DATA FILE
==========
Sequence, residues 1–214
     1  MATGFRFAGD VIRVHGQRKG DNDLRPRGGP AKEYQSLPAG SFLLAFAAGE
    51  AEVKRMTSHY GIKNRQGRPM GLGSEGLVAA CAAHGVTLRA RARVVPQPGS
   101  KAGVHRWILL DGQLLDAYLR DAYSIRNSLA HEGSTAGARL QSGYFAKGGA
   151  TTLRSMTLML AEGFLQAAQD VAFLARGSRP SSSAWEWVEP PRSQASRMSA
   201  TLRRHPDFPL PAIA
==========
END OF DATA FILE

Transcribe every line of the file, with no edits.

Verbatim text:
Sequence, residues 1–214
     1  MATGFRFAGD VIRVHGQRKG DNDLRPRGGP AKEYQSLPAG SFLLAFAAGE
    51  AEVKRMTSHY GIKNRQGRPM GLGSEGLVAA CAAHGVTLRA RARVVPQPGS
   101  KAGVHRWILL DGQLLDAYLR DAYSIRNSLA HEGSTAGARL QSGYFAKGGA
   151  TTLRSMTLML AEGFLQAAQD VAFLARGSRP SSSAWEWVEP PRSQASRMSA
   201  TLRRHPDFPL PAIA